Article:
Distance-Time and Velocity-Time Graphs - Metric

Free-Fall Laboratory

4.1.7: predict the time taken for a moving object to complete a course on the basis of initial measurements, estimated values, and an understanding of the displacement, time, and, velocity relationship

Feed the Monkey (Projectile Motion)

Free-Fall Laboratory

Golf Range

4.2.1: describe quantitatively, and analyze both graphically and mathematically, the relationship among displacement, time, and velocity of an objectâ??s uniform motion

4.2.1.a: distinguish between scalar and vector quantities, using distance and displacement, and speed and velocity, respectively, as examples.

Feed the Monkey (Projectile Motion)

Golf Range

Vectors

4.2.1.c: given two (or a means of finding two) of average velocity, displacement and elapsed time, calculate the third quantity

Distance-Time and Velocity-Time Graphs - Metric

Free-Fall Laboratory

4.2.1.d: determine velocity from a position-time graph, and determine displacement from a velocity-time graph

Distance-Time and Velocity-Time Graphs - Metric

Free-Fall Laboratory

4.2.1.e: determine the direction of motion (positive or negative) of a uniformly moving object from its position-time graph, and its velocity-time graph

Distance-Time and Velocity-Time Graphs - Metric

Free-Fall Laboratory

4.2.2: distinguish between average velocity and instantaneous velocity

Distance-Time and Velocity-Time Graphs - Metric

Free-Fall Laboratory

4.2.3: use instruments for collecting data on uniformly accelerated linear motion effectively and accurately

4.2.3.a: from the data obtained in the core lab, plot a position-time graph

Distance-Time and Velocity-Time Graphs - Metric

Free-Fall Laboratory

4.2.3.c: determine the instantaneous velocity by taking the slope of a tangent drawn to the curve at a selected position or time on the graph and use velocities obtained in this way to plot a velocity-time graph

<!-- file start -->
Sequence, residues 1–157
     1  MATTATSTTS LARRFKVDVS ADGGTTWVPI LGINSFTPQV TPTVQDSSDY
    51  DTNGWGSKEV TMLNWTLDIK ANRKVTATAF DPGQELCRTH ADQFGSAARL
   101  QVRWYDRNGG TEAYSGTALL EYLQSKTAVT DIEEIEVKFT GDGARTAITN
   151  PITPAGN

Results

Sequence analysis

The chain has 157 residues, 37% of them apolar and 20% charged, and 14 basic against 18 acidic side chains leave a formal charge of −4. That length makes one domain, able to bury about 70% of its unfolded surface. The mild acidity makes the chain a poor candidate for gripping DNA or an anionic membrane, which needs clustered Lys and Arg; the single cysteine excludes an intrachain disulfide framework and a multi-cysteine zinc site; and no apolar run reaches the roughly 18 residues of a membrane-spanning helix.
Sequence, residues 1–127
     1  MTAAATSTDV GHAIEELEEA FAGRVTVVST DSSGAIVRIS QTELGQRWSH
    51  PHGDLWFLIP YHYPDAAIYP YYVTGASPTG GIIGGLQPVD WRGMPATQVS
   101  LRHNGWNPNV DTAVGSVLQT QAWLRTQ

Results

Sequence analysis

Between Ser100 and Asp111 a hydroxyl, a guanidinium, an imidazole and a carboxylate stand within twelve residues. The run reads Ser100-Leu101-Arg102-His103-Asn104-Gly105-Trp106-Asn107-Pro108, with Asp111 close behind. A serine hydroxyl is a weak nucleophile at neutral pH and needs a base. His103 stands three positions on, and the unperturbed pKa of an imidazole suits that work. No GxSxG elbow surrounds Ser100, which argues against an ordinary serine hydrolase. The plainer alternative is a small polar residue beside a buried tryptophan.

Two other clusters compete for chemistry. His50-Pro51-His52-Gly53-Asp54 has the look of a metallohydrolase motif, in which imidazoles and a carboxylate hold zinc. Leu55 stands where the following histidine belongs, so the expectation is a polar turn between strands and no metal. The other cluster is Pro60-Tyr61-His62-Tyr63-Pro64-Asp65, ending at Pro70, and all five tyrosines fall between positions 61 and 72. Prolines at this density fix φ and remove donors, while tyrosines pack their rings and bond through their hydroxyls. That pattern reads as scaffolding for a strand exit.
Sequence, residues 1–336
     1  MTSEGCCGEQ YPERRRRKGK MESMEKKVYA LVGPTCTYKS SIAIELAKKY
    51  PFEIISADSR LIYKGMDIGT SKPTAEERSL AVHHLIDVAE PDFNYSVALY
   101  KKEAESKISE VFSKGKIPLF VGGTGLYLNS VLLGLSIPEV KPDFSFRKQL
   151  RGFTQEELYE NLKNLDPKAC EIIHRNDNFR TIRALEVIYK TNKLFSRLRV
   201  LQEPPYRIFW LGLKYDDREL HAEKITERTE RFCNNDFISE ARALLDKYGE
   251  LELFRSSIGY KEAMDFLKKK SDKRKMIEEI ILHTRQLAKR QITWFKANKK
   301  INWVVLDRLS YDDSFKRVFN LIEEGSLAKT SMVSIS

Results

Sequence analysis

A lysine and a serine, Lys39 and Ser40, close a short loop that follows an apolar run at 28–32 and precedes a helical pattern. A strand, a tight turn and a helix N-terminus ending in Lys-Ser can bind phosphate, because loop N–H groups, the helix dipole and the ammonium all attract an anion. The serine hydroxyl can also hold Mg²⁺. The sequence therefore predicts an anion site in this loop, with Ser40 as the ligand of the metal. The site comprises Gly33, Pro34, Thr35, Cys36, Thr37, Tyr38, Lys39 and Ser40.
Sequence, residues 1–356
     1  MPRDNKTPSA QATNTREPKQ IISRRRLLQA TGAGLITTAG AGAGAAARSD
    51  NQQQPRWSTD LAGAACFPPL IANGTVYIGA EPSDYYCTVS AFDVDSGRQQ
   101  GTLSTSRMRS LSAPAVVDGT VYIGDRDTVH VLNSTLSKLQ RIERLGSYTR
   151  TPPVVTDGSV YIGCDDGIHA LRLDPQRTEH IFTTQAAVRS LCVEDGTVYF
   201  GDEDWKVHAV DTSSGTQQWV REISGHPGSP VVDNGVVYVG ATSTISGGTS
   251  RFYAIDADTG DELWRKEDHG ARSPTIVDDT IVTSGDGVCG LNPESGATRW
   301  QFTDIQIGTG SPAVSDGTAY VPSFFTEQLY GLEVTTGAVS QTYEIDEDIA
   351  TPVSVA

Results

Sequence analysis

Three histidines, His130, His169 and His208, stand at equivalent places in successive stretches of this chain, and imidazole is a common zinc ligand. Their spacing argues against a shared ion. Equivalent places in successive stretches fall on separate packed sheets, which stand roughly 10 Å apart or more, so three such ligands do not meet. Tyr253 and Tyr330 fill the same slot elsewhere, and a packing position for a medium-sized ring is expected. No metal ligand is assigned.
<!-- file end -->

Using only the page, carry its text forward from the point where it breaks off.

Distance-Time and Velocity-Time Graphs - Metric

4.2.4: describe quantitatively, and analyze both graphically and mathematically, the relationship among velocity, time, and acceleration

4.2.4.b: explain what is meant by uniform or constant acceleration and explain why it is a vector quantity

Atwood Machine

Feed the Monkey (Projectile Motion)

Golf Range

4.2.4.d: use the definition of acceleration to determine acceleration, initial velocity, final velocity, or time, given the other three

4.2.4.e: relate the slope of a linear velocity-time graph to the acceleration

Distance-Time and Velocity-Time Graphs - Metric

4.2.4.f: calculate the area of a velocity-time graph and relate it to the objectâ??s displacement

Distance-Time and Velocity-Time Graphs - Metric

Free-Fall Laboratory

4.2.4.g: given the velocity-time graph for a uniformly accelerating object, determine its initial velocity and its acceleration

Distance-Time and Velocity-Time Graphs - Metric

Free-Fall Laboratory

4.2.4.h: explain how one can tell from the position-time graph whether the magnitude of an objectâ??s velocity is increasing, decreasing, or constant

Distance-Time and Velocity-Time Graphs - Metric

Free-Fall Laboratory

4.2.4.i: determine, at any time, the instantaneous velocity from a displacement/time graph for an object with zero acceleration or uniform acceleration.

Distance-Time and Velocity-Time Graphs - Metric

Free-Fall Laboratory

4.4.2: identify areas of further study related to science and technology of motion

Correlation last revised: 9/16/2020

This correlation lists the recommended Gizmos for this province's curriculum standards. Click any Gizmo title below for more information.